thumb LLushingtonLegoKidsUpstairs in the library of the Calgary Science School, a group of students huddle around a mat watching intensely as a robot tries to deliver dinner to a waiting kitchen table.

Aside from its computer chip and mechanical parts is something special — it’s a robot made of Lego.

Since the start of the school year, the Calgary Science School’s First Lego League team has been meeting every Monday in preparation for the league’s Alberta championship Jan. 21 in Edmonton.

“It’s sports for the mind,” said Walter Kowalchyk, president of the Alberta Youth Robotics Society.

“The kids can get together and solve challenging problems using science and math for their discovery.”


Students at the Calgary Science School train every week for a Lego competition taking place in Edmonton on Jan. 21.
Photo by Laura Lushington
The championship focuses on using robots built with Lego to complete real-world challenges. This year’s theme is “Food Factor” so teams are working to program their robots to fend off bacteria and deliver food to different areas on the thematic mat.

Darren Anderson, a parent at the Calgary Science School, started the team after taking part in the competition with his son Evan last year. This year his daughter Brielle also joined the team.

“I think it’s really good creatively,” said Anderson. “It gets them off the screens with the video games and TV.”

Anderson is the team’s coach and oversees the programming of the robotics. He said he is now more of a guide because many of the team’s 10 kids have grown more confident in their abilities and are able to problem-solve on their own.

Also part of the competition is a presentation where participants must develop a solution to a problem in today’s world. The team has to come up with the concept and not actually develop the technology. The Calgary Science School Lego team has decided to create an iPhone app which contains nano robots to fight illness-causing bacteria on food.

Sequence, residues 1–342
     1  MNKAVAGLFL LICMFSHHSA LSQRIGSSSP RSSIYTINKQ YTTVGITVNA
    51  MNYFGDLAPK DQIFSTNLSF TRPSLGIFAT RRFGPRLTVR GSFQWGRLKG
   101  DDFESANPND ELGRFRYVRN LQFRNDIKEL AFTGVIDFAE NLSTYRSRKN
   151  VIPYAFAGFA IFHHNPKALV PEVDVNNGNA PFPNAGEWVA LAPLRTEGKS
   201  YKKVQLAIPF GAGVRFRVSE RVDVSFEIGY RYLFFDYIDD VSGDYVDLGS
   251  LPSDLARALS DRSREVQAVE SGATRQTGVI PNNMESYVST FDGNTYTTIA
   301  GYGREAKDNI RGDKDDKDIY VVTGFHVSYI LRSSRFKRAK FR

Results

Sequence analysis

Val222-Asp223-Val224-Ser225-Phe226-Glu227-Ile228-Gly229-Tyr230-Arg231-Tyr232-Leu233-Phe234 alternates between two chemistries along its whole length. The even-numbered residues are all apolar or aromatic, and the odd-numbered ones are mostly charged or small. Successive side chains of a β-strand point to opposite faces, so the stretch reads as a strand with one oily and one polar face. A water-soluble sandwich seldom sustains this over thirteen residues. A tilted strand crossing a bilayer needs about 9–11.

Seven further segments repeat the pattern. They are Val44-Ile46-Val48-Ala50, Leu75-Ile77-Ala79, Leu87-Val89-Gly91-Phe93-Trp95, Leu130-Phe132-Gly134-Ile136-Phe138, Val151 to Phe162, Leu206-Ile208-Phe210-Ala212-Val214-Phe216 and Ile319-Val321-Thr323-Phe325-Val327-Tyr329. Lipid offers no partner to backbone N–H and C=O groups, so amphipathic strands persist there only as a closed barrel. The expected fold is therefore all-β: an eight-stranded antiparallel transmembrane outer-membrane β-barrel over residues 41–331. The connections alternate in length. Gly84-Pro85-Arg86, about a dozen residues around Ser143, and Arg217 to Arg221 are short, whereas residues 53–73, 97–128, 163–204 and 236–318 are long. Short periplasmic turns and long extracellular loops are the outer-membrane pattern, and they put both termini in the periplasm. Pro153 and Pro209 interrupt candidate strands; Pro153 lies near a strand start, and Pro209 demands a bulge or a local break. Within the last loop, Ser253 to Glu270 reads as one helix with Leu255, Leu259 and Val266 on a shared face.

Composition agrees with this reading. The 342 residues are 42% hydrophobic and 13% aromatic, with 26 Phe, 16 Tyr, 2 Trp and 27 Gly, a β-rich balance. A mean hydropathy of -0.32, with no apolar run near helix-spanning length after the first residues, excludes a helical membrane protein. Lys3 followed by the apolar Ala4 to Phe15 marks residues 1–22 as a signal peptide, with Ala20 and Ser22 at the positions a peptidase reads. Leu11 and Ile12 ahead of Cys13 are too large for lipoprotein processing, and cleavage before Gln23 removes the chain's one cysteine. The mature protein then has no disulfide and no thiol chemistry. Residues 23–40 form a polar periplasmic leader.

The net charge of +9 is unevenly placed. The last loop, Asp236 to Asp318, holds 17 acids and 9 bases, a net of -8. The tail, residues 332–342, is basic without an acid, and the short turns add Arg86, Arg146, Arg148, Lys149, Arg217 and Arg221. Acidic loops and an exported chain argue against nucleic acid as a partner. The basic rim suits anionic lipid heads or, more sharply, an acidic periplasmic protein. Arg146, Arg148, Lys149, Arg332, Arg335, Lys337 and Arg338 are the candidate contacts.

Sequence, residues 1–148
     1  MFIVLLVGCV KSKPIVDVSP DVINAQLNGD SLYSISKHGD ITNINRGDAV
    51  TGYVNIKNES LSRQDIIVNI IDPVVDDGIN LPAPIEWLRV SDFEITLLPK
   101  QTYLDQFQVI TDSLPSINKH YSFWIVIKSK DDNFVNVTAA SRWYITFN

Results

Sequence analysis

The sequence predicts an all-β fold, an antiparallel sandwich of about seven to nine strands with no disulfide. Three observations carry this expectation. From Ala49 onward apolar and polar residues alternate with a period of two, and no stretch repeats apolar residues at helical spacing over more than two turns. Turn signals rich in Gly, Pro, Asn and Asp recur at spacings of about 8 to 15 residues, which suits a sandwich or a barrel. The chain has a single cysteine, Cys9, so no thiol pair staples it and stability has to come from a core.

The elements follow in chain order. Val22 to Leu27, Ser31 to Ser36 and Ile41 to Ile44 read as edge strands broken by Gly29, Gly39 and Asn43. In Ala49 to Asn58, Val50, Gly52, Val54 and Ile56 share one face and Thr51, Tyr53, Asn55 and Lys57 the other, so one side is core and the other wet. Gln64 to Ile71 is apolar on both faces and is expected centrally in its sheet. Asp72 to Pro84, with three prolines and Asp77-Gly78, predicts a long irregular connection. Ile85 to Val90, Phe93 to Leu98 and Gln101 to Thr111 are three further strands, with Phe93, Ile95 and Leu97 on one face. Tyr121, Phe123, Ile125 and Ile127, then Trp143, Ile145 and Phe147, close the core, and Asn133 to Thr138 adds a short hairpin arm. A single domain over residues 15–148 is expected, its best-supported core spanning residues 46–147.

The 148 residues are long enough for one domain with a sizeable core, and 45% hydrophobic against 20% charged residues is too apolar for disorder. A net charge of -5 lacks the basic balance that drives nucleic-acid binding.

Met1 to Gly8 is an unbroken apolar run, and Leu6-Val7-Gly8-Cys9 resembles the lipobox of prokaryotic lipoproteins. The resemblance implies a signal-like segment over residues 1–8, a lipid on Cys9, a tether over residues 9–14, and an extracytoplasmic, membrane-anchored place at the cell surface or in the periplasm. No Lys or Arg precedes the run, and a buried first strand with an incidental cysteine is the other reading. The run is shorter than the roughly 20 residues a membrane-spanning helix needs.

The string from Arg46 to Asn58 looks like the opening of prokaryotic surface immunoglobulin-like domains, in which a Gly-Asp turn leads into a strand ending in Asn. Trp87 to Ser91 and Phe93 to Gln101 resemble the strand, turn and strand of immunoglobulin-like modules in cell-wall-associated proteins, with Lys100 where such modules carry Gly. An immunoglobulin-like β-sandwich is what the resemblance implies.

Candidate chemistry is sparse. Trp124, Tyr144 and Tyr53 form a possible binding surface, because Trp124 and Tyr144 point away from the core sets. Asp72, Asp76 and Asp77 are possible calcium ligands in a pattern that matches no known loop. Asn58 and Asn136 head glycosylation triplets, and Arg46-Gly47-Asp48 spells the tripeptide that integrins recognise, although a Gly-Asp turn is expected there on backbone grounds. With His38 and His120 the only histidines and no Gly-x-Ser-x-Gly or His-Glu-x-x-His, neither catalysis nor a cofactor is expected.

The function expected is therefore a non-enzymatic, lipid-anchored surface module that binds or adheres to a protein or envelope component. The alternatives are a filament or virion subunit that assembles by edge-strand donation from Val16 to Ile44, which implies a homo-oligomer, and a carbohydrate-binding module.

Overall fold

Liam Krusalik, 9, has been playing with Lego since he was three years old. Although he hasn’t started programming robots yet, Liam, who wants to be an architect when he grows up, said he has built a Lego tower in his bedroom with an estimated 5,000 pieces.

“I might just keep developing different ideas and maybe even discover some good tricks that you could manipulate into buildings,” he said.

Part of why Lego is so successful in helping kids to learn is because it is so flexible, said Cassandra White, a registered child psychologist. She added that she uses Lego daily in her practice.

“When you think about kid’s cognition, Lego is a fabulous toy because it’s visual and spatial,” she said.

“One of the reasons I love it is because it’s open-ended and so there isn’t one way of doing it; they can build more than one way.”

White also said Lego’s ability to be both simple and complex can help children learn to visualize, plan and then create objects. She said because Lego is slower paced and does not have the continuous visual or auditory stimulation like a video game, it also helps children to learn how to focus and be patient.

Kowalchyk echoed White’s opinion that Lego is a great tool to help children improve both their academic and social skills.

“We’re building future leaders with the program,” he said.

“We’ve got a lot of children here in Alberta and this is a great way to express it.”

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